Compared with a year earlier, wages excluding bonuses, were up by 3.3% for the three months to October, the biggest rise since November 2008. Average weekly wages are £495 – the highest since 2011, when adjusted for inflation.

The number of people in work rose by 79,000 to 32.48 million, a record high. That is the highest figure since records began in 1971.

Unemployment increased by 20,000 to 1.38 million, although the margin of error is 70,000 and the total is still lower than a year ago. The number of unemployed men increased by 27,000, while the number of unemployed women fell by 8,000.

The reason both employment and unemployment have increased is a result of the UK’s rising population and more people joining the labour force, such as students and older people.”

First, it is nominal wages that are growing at their fastest rate for nearly a decade. But real wages – wages after inflation – are what really matter, as they tell us far more about workers’ living standards.[1] Here, the picture is much more dismal. Real wages grew by just over 1% in the past year – slower than in most of 2015/16, and well below 1945-2007 average of 2.5%.[2]

Indeed, this meek growth has not been enough to compensate for the falls in real wages during and following the recession, conferring onto the UK the dubious honour of being one of the only OECD countries (along with Greece) to have experienced negative wage growth since the Global Financial Crisis (GFC). So yes, weekly wages are at their “highest” since 2011, but this is not cause for celebration. If wage growth had kept up with the WW2-GFC trend, wages would be approximately ~28% higher than their current levels.

Instead of explaining this broader context in their introduction to the piece, the BBC decided to note that the number of people in work is at its highest since records began in 1971: unsurprising, given that the population of the UK has steadily risen by 11m people over this time period. Choosing to devote space to such a facile observation is questionable at the very least.

Though the BBC did add critical commentary from Margaret Greenwood, Frances O’Grady and others over the course of the day (though without timestamping these contributions/noting that the article had been edited ex post, I might add), the fact that the earliest, and likely the most-read version of the BBC article contained no such counterpoint is serious cause for concern.

The overarching issue is that wage and productivity performance has been so dismal over the past decade that it allows the Government to pass off news that would be considered miserable by any reasonable standards as fantastic. Employment Minister Alok Sharma, for example, cited “wages outpacing inflation for the ninth month in a row” as a sign of “the enduring strength of our jobs market”.

The fact that avoiding real wage falls for a grand total of nine months – outside of recession time, no less – is touted as a mark of enduring strength highlights that something is seriously wrong with the UK labour market. This is why continuing to draw attention to the wider context is so important.

[1] One commentator pointed out that higher nominal wage growth does benefit indebted households; this is true, but it is stagnant real wage growth that is driving the increase in consumer debt in the first place.

[2] Using the ‘real consumption earnings’ time series from the Bank of England’s A Millennium of Macroeconomic Data.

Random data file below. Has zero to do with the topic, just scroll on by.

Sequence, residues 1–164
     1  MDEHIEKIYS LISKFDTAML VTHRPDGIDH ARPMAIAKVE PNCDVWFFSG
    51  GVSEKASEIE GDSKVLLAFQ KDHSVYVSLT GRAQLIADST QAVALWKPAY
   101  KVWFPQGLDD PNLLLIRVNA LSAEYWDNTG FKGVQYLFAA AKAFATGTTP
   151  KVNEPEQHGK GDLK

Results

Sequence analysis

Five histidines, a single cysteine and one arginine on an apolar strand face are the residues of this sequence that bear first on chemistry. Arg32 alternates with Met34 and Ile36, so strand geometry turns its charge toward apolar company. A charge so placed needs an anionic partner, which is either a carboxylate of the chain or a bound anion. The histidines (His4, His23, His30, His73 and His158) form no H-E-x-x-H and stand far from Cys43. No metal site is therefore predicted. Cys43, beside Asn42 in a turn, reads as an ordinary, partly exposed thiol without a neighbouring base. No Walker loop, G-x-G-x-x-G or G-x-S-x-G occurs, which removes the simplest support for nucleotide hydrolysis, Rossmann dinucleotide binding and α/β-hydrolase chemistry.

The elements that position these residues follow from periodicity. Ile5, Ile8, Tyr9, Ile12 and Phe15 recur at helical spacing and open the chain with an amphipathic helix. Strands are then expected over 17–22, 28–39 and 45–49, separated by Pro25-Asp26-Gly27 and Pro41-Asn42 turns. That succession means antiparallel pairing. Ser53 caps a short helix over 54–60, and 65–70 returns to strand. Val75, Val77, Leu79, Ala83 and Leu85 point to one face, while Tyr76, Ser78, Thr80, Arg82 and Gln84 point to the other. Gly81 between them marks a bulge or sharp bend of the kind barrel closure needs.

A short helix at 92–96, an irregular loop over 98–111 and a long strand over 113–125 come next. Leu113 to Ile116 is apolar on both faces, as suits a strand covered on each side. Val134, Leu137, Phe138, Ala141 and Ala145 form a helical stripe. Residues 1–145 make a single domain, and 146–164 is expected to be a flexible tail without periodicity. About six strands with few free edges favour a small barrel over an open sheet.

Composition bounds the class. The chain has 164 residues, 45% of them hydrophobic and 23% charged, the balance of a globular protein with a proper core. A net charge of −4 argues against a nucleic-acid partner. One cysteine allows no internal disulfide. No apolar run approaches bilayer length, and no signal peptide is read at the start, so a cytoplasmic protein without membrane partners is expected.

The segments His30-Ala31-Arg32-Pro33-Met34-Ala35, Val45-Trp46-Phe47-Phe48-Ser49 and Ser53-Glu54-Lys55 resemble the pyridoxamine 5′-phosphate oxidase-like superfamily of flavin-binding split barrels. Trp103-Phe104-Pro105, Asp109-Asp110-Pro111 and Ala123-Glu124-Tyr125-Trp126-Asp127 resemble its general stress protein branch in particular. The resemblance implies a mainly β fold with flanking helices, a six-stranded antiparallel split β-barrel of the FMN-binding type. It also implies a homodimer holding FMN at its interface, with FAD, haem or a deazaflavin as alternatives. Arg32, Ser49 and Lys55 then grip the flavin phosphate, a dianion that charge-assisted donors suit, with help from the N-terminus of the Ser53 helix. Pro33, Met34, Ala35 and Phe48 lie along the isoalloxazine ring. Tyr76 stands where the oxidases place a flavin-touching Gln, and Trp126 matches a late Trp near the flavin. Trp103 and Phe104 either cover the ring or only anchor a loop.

Photo credit from previous page: Flickr / Ali Craigmile

The post BBC analysis of labour market statistics misses the point appeared first on The Progressive Economy Forum.

The Operation of Worker-Owned Companies in Martian SF

A week or so ago I put up a few passages from Kim Stanley Robinson’s Blue Mars (London: HarperCollins 1996), a science fiction book about the colonization and terraformation of the Red Planet. In Robinson’s book, on breaking away from terrestrial domination the Martians establish a constitution which makes all the companies not owned by the global Martian state or its constituent cities worker-owned cooperatives, partly modelled on the Mondragon cooperatives in Spain. On page 301 Robinson describes how Nadia, the new Martian president in the capital, Sheffield, works to transform the planet’s industries, including those formerly owned by terrestrial metanats – vast multinationals that now dominate the industries of whole countries – into the new system. Robinson writes

Nadia, however, never made it to this conference. She got caught up by affairs in Sheffield instead, mostly instituting the new economic system, which she thought important enough to keep her there. The legislature was passing the law of eco-economics, fleshing out the bones drawn up in the constitution. They directed co-ops that had existed before the revolution to help the newly independent metanat local subsidiaries to transform themselves into similar co-operative organisations. This process, called horizontalization, had very wide support, especially from the young natives, and so it was proceeding fairly smoothly. Every Martian business now had to be owned by its employees only. No co-op could exceed one thousand people; larger enterprises had to be made of co-op associations, working together. For their internal structures most of the firms chose variants of the Bogdanovist models, which themselves were based on the co-operative Basque community of Mondragon, Spain. In these firms all employees were co-owners, and they bought into their positions by paying the equivalent of about a year’s wages to the firms equity fund. This became the starter of their share in the firm, which grew every year they stayed, until it was given back to them as pension or departure payment. Councils elected from the work-force hired management, usually from outside, and this management then had the power to make executive decisions, but was subject to a yearly review by the councils. Credit and capital were obtained from central co-operative banks, or the global government’s start-up fund, or helper organisations such as Praxis and the Swiss. On the next level up, co-ops in the same industries or services wer associating for larger projects, and also sending representatives to industry guilds, which established professional practice boards, arbitration and mediation centres, and trade associations.